Teaching Children With Asperger's to Filter Thoughts

By Lisa Fritscher
Role-playing is one technique to teach Asperger's children to filter thoughts.
Role-playing is one technique to teach Asperger's children to filter thoughts.

Children with Asperger’s syndrome often get caught in what are colloquially known as “aspie loops,” or cycles of repetitive unproductive thoughts. They also have trouble expressing their emotions appropriately. Social skills training helps Asperger’s kids filter their thoughts and find better ways of expressing themselves. Note that in May 2013, the Diagnostic and Statistical Manual of Mental Disorders combined Asperger’s syndrome with other disorders along the autism spectrum to create the single diagnosis of autism spectrum disorder. Some experts now refer to Asperger’s as high-functioning autism, while others continue to use the older name.


People with Asperger’s have trouble understanding the social behaviors that come naturally to their neurotypical peers. Use the inherently Asperger's rule-following tendency to your advantage by developing a set of rules for your child to follow. Help him learn to identify times when his thoughts start cycling or he feels compelled to speak his mind inappropriately, and work with him to find ways of calming his feelings. For example, when your child feels his jaw clench and his body tense, he might need to take a deep, slow breath or even leave the room to calm his anger. When you and your child have identified the main triggers and helpful responses, write a list he can carry with him.


Role-playing is a therapeutic technique that is easy to apply at home. You take on the role of someone who is not filtering her thoughts, while your child takes on the role of a friend who has to respond. Make up the conversation as you go along, gradually adding more complex or potentially hurtful statements. The goal is for your child to understand how her lack of a filter affects others. At the end of the session, engage your child in a dialogue. Ask her how it felt to hear your unfiltered statements and whether they were really necessary to the conversation. Explain that what she felt is similar to how other people feel when she does not apply a filter. Brainstorm and practice better ways of being honest without being hurtful.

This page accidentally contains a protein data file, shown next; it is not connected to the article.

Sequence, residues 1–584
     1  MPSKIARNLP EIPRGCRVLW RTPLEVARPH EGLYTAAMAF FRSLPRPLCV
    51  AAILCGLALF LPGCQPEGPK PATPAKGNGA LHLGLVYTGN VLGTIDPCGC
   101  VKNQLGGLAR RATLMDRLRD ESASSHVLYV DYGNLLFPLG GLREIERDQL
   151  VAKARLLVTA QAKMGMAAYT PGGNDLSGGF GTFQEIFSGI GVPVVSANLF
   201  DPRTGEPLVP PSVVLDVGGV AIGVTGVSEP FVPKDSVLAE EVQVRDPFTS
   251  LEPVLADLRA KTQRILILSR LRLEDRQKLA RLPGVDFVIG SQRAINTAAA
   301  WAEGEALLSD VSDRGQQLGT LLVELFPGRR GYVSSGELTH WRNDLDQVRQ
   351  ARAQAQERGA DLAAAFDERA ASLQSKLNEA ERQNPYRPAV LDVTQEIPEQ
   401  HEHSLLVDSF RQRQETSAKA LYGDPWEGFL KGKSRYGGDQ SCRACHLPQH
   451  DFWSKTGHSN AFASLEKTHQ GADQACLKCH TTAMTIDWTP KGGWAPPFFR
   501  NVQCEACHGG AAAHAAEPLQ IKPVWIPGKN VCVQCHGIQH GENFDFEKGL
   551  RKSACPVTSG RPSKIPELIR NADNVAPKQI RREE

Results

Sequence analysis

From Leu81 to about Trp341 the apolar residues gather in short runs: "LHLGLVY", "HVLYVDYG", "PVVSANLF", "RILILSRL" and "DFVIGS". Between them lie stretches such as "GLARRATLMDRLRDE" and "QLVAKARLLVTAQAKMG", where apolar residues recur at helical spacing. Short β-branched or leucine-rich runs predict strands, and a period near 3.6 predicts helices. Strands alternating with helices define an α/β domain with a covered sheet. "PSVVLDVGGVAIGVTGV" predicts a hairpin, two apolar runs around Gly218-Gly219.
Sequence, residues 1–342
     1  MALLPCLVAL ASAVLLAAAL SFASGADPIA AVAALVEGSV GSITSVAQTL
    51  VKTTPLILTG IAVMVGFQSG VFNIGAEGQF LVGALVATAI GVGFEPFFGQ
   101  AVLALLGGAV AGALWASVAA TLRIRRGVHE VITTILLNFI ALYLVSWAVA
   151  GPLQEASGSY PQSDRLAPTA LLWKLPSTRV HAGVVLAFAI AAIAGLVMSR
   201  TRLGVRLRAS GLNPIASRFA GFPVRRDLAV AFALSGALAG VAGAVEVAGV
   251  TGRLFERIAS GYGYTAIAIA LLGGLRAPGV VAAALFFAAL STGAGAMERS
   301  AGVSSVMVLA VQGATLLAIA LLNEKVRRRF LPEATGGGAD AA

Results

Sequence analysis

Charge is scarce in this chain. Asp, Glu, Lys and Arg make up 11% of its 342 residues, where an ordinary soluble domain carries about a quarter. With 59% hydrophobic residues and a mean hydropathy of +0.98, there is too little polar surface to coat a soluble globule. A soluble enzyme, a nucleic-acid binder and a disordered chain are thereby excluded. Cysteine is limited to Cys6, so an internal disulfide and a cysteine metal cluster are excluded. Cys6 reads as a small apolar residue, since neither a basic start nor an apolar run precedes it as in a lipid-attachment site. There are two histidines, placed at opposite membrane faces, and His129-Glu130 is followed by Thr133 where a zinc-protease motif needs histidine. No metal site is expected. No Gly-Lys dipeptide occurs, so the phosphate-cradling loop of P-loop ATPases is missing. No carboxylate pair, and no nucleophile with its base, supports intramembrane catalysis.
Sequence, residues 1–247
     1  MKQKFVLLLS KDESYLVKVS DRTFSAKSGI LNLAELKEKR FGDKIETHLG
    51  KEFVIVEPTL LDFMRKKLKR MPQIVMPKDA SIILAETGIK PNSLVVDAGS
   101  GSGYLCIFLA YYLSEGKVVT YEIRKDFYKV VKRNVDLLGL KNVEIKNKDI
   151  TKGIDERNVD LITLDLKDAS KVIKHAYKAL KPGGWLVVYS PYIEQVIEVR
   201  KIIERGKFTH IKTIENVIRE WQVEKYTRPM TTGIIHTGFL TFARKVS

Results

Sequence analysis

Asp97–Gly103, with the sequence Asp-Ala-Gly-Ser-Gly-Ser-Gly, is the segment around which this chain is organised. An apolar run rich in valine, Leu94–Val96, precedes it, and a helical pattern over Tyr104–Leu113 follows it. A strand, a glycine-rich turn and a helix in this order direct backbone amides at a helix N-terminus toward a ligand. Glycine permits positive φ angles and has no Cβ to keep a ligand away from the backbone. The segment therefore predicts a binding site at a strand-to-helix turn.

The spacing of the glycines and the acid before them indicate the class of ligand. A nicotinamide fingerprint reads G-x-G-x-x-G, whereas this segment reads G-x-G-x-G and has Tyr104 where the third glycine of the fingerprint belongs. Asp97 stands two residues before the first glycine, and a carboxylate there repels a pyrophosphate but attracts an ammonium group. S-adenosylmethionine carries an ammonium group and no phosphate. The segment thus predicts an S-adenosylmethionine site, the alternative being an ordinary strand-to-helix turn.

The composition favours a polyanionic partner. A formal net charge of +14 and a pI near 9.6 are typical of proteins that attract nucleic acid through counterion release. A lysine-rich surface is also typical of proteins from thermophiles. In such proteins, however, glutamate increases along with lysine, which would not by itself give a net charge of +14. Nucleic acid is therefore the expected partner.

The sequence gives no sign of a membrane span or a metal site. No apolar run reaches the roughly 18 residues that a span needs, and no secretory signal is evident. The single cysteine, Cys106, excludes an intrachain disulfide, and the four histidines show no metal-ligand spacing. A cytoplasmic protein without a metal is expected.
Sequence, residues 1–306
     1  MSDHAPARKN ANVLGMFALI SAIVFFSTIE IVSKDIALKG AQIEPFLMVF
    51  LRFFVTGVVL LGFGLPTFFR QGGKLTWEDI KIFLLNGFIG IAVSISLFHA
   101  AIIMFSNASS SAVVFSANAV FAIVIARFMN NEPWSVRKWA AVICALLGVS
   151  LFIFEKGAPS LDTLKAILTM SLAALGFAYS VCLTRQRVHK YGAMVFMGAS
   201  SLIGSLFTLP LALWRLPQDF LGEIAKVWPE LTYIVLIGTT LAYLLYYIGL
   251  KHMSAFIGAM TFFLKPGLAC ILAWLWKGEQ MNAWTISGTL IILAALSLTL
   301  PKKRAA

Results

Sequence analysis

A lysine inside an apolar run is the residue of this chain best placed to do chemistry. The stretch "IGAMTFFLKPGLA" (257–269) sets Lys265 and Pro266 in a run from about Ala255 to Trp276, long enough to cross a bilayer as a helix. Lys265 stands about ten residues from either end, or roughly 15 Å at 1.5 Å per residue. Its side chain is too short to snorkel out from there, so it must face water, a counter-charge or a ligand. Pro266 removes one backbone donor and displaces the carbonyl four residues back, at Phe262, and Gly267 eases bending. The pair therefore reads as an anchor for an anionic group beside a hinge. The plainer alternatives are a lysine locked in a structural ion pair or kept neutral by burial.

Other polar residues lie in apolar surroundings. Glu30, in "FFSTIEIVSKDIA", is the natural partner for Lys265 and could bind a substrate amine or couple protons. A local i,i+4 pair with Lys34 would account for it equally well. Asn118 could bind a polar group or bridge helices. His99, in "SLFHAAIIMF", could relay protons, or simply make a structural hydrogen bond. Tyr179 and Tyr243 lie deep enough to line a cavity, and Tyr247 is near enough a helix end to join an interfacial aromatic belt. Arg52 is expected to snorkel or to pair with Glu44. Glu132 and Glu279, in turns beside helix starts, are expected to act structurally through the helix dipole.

Modeling occurs every day as children watch their parents or other adults perform various tasks. Use modeling to demonstrate ways of filtering responses without being dishonest. Enlist another person’s help in repeating the role-playing exercise with both sides filtering their thoughts and expressing themselves proactively. Social skills training videos are available in which child actors perform the target behaviors. This allows your child to learn from other kids while making you available for questions or comments during the video.


Many kids with Asperger’s syndrome have trouble generalizing behaviors from one situation to another. Help your child practice new skills in wide-ranging environments -- from the playground to the classroom to the neighbor’s house. Remind him of the rules and scripts he helped develop, and encourage him to review his list before each new situation. Expect that he will sometimes back slide in a new environment, and help him find ways of returning to his new filtering behaviors. Provide praise and encouragement when he is successful, but avoid being overly critical when he fails.

About the Author

Lisa Fritscher is a freelance writer specializing in disabled adventure travel. She spent 15 years working for Central Florida theme parks and frequently travels with her disabled father. Fritscher's work can be found in both print and online mediums, including VisualTravelTours.com. She holds a Bachelor of Arts in psychology from the University of South Florida.